VBOE approves Franklin’s corrective action plan
Published 10:12 am Wednesday, April 8, 2015
When someone signs up to be a first-year superintendent, the job doesn’t come with a set of directions breaking down how to improve schools in the system, said Virginia Department of Education Superintendent of Public Instruction Steven R. Staples.
But that changed for Franklin City Public School Division Superintendent Dr. Willie J. Bell after he and his team worked with Staples’ team on revising the corrective action plan.
“I think the product now gives you a sense of a road map as to where to go,” Staples said.
The corrective action plan process has been a long journey, said Virginia Board of Education member Diane T. Atkinson. After the March 26 meeting, however, it’s finally over. The board unanimously approved the amended corrective action plan required by the division level review, which found systemic problems in the system back in December 2013.
This is the sixth VBOE meeting that Franklin has been on the agenda regarding the corrective action plan. In June, the board approved the plan up to Nov. 30, 2014, on the condition that amendments take place. Starting with the November meeting, the board required the Franklin system to change the scope of its corrective action plan to include timelines, targets and measurable outcomes where applicable. In January, the board offered to have the superintendent of public instruction and his team help FCPS complete the document. The FCPS superintendent accepted.
“I want to acknowledge [that this has been hard work], and appreciate you for hanging in there,” Atkinson said to Bell, who was present at the meeting along with Ward 1 school board member Nancy Godwin. “I want to acknowledge the board — there has not been a meeting where a Franklin superintendent was here where a board member has not been here as well.”
VBOE president Christian N. Braunlich said he had been concerned about the targets outlined in the previous versions of the CAP. But after reading the revisions and the three-year target plan, he said he felt comfortable.
“Clearly, a lot of thought has been put into this,” Braunlich said. “And clearly, these are targets that you see as reachable to get to that goal in three years, and I just wanted to applaud you for it.”
The three-year target plan is a goal for accreditation, which will have J.P. King Middle School passing the Standards of Learning tests state accreditation benchmarks by the end of the upcoming school year, 2015-16; and S.P. Morton Elementary School by the end of the 2016-17 school year. Franklin High School became accredited at the beginning of the 2014-15 school year, and by 2016-17, the division would like to see English and math in the 80th percentile, and history and science in the 90th.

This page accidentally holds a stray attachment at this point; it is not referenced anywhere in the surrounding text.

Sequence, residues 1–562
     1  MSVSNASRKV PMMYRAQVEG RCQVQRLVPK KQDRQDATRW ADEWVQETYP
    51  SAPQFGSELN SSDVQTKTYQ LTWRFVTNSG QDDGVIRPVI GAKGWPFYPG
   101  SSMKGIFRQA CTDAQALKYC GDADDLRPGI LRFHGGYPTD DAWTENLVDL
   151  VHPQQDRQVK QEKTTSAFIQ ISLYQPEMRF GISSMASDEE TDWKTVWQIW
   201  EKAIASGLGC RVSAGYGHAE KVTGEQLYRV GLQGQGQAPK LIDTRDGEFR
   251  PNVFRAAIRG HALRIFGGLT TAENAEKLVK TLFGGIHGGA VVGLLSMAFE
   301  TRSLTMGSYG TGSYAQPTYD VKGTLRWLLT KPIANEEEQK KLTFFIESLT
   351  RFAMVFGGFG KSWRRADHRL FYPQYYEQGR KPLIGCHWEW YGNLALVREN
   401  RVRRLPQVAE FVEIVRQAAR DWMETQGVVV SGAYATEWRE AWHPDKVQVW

Bell also thanked the board and Staples for their help in this process. He said it was a process that he was adopted into, but that he and the division are working diligently to ensure Franklin’s students receive the best education possible.
“Together, we have worked to create what I believe are some good goals,” Bell said. “We have good essential actions, good targets that you assisted through our discussions to make sure they were challenging and realistic.
“The team is on board in Franklin.”
The corrective action plan is focused on four goals: curricula alignment; human resources; purpose and direction; and leadership and governance. In those goals are 30 essential actions, and VBOE highlighted eight of them to receive work.
For example, in human resources, the VBOE wanted to see improvement in actions 2.2 and 2.5, which dealt with administration and teacher endorsement and licensure. Human resources had been a problem in the school-level review, and it came up again in the division-level review, with 10 teachers instructing outside of their licensed areas.
Prior to offering a contract, a candidate must be continuously screened for credentials. This will be reviewed quarterly beginning this month.
Director of Human Resources Gail Wade will also be required to create a personnel database and maintain it containing name, assignment area(s), license and endorsement(s), as well as if teachers or administrators have highly qualified, provisional or probationary status.
Master schedules will also be collected from each school to ensure no teacher is assigned outside of their area of endorsement. Instructional Personnel Verification and Survey Data (IPAL) will also be pulled and reviewed at the end of each semester.
Superintendent Bell will be monitoring the status to make sure it takes place, but it doesn’t end there. The Department of Education’s Office of School Improvement will also be checking behind Wade, as will Cathy David, the chief academic offer assigned to the Franklin City Public School division by the board of education.
VDOE wants to know monitor long-term substitutes in the division, and how the administrative team is backing them up until a credentialed teacher is hired.
Previously regarding item 2.5 — teacher licensure and endorsement — the division had listed this goal as completed, having required Wade to review the master schedules and work with the state’s director of licensure to ensure that all candidates for licensed positions held the proper documentation. As of October 2014, it was reported that 100 percent of teachers and professional staff had endorsements in the areas assigned. Instructional staff lists were also to be provided as supporting documentation.
Such processes to clarify, expand and provide checks have been worked out for all eight revised actions. The documentation can be read on www.thetidewaternews.com.